Tethered capsule endomicroscopy (TCE) is a new method for performing comprehensive microstructural OCT imaging of gastrointestinal (GI) tract in unsedated patients in a well-tolerated and cost-effective manner. These features of TCE bestow it with significant potential to improve the screening, surveillance and management of various upper gastrointestinal diseases. To achieve clinical adoption of this imaging technique, it is important to validate it with co-registered histology, the current diagnostic gold standard. One such method for co-registering OCT images with histology is laser cautery marking, previously demonstrated using a balloon-centering OCT catheter that operates in conjunction with sedated endoscopy. With laser marking, an OCT area of interest is identified on the screen and this target is marked in the patient by exposing adjacent tissue to laser light that is absorbed by water, creating superficial, visible marks on the mucosal surface. Endoscopy can then be performed after the device is removed and biopsies taken from the marks. In this talk, we will present the design of a tethered capsule laser marking device that uses a distal stepper motor to perform high precision (< 0.5 mm accuracy) laser targeting and high quality OCT imaging. Ex vivo animal tissue tests and pilot human clinical studies using this technology will be presented.
While endoscopy is the most commonly used modality for diagnosing upper GI tract disease, this procedure usually requires patient sedation that increases cost and mandates its operation in specialized settings. In addition, endoscopy only visualizes tissue superfically at the macroscopic scale, which is problematic for many diseases that manifest below the surface at a microscopic scale. Our lab has previously developed technology termed tethered capsule OCT endomicroscopy (TCE) to overcome these diagnostic limitations of endoscopy. The TCE device is a swallowable capsule that contains optomechanical components that circumferentially scan the OCT beam inside the body as the pill traverses the organ via peristalsis. While we have successfully imaged ~100 patients with the TCE device, the optics of our current device have many elements and are complex, comprising a glass ferrule, optical fiber, glass spacer, GRIN lens and prism. As we scale up manufacturing of this device for clinical translation, we must decrease the cost and improve the manufacturability of the capsule’s optical configuration.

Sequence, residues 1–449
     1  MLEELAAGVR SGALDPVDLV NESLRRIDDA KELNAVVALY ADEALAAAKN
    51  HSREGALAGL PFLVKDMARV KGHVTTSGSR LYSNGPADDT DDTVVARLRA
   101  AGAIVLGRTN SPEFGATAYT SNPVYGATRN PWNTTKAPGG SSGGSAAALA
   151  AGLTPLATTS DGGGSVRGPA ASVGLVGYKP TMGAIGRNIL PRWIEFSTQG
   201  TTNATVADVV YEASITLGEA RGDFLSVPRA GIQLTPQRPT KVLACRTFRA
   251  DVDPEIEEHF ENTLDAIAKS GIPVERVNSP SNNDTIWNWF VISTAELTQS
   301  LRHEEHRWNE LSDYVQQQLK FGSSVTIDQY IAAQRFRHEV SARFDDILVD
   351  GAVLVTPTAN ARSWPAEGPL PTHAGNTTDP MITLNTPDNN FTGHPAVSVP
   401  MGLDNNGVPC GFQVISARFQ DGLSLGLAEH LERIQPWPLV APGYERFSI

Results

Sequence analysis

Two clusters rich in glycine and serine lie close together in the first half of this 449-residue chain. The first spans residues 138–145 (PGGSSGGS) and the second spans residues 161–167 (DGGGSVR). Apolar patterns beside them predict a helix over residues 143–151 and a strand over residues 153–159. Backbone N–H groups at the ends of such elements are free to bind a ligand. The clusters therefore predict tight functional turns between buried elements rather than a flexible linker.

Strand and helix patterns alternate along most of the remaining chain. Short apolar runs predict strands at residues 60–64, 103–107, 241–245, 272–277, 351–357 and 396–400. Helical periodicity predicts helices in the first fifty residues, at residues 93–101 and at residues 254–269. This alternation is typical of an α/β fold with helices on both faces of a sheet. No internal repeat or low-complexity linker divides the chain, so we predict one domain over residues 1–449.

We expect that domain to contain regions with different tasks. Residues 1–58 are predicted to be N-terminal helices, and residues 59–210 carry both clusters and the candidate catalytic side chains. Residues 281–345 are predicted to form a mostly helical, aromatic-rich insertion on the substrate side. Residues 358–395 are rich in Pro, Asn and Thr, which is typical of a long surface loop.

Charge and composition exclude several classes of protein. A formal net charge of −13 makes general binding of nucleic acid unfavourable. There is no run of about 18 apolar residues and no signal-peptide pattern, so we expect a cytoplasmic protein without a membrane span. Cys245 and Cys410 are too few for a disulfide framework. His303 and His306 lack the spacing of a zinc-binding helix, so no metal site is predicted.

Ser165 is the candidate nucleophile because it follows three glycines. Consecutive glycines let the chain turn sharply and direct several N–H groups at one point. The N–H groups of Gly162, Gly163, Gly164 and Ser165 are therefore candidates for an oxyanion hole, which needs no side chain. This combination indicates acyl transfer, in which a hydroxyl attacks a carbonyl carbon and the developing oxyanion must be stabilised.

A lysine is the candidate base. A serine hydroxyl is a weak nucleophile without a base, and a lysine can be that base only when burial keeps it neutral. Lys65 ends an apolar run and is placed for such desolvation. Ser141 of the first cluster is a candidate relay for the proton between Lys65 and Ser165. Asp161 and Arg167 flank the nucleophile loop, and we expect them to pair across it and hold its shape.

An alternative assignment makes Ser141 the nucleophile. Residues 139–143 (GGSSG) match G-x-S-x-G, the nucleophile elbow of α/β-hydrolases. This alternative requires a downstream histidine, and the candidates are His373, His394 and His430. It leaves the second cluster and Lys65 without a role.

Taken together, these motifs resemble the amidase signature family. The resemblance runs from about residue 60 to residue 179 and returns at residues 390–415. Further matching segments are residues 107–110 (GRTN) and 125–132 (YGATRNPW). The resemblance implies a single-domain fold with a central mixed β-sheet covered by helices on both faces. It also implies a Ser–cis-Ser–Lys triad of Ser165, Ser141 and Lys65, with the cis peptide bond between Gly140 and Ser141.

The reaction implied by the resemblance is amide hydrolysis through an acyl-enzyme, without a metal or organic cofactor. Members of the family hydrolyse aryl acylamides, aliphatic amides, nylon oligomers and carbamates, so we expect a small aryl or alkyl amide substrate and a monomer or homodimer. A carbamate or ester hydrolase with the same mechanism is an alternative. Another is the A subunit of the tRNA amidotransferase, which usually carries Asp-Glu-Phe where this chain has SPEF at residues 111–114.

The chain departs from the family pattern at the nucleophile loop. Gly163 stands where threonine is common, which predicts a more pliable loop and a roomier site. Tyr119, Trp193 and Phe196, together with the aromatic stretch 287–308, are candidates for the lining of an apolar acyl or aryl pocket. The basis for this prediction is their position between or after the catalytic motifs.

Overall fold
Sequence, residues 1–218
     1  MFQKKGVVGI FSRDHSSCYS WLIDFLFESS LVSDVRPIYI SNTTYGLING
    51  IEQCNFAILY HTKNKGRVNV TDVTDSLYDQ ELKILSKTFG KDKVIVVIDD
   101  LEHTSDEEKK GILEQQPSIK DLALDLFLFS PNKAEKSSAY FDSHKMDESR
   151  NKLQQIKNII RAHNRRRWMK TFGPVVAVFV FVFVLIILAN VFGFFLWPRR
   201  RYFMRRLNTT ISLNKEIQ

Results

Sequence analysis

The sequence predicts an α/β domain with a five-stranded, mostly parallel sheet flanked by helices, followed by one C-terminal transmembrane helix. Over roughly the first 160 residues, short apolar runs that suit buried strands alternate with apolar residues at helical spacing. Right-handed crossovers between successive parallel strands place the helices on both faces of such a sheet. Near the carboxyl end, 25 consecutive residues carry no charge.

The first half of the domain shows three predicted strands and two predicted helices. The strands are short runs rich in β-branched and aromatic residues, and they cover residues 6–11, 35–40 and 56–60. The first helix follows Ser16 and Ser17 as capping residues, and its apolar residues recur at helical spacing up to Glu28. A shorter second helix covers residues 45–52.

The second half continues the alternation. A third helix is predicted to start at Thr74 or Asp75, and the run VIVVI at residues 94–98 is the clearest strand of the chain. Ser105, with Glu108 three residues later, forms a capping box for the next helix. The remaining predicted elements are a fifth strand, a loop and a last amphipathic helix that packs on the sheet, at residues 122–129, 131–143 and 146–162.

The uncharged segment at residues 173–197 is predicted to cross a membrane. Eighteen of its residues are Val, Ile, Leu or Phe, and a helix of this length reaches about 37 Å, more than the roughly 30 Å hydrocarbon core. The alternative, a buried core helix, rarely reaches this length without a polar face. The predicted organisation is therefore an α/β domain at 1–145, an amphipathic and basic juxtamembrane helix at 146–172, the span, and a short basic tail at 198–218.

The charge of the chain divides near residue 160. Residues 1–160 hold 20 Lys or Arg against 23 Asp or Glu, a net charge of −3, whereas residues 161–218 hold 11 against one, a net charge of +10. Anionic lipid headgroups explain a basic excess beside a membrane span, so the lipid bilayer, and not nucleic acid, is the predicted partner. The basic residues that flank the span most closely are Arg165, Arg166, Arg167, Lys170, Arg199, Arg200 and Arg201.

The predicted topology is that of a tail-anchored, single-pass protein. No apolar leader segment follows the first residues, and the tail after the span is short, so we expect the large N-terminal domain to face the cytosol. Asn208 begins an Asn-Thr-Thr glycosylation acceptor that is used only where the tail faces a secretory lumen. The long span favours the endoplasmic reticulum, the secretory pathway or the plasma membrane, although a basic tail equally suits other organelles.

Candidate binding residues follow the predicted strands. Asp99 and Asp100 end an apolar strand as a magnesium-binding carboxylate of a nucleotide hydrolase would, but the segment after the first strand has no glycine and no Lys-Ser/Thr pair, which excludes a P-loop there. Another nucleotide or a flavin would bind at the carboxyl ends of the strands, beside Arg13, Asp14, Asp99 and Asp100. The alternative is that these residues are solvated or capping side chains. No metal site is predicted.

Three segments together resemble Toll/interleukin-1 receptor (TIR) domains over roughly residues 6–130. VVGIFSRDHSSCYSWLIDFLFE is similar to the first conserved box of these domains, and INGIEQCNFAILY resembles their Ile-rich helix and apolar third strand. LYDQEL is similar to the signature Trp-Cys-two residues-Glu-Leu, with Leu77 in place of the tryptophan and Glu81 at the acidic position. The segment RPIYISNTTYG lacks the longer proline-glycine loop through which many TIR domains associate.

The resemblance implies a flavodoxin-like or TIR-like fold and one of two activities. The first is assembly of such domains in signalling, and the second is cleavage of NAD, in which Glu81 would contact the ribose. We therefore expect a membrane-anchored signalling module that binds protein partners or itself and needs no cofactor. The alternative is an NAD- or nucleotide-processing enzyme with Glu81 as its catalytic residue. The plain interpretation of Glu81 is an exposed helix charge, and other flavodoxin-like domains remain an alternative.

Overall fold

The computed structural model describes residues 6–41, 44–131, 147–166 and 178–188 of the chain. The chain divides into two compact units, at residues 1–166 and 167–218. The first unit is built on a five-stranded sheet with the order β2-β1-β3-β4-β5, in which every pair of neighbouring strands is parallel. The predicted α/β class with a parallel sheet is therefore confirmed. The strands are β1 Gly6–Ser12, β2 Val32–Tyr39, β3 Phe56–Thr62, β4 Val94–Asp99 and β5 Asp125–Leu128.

In this abstract, we report on the design and development of simplificed TCE optics that replace the GRIN lens-based configuration with an angle-polished ball lens design. The new optics include a single mode optical fiber, a glass spacer and an angle polished ball lens, that are all fusion spliced together. The ball lens capsule has resolutions that are comparable with those of our previous GRIN lens configuration (30µm (lateral) × 7 µm (axial)). Results in human subjects show that OCT-based TCE using the ball lens not only provides rapid, high quality microstructural images of upper GI tract, but also makes it possible to implement this technology inexpensively and on a larger scale.
Fourier transform infrared (FT-IR) spectroscopic imaging is a powerful tool to obtain chemical information from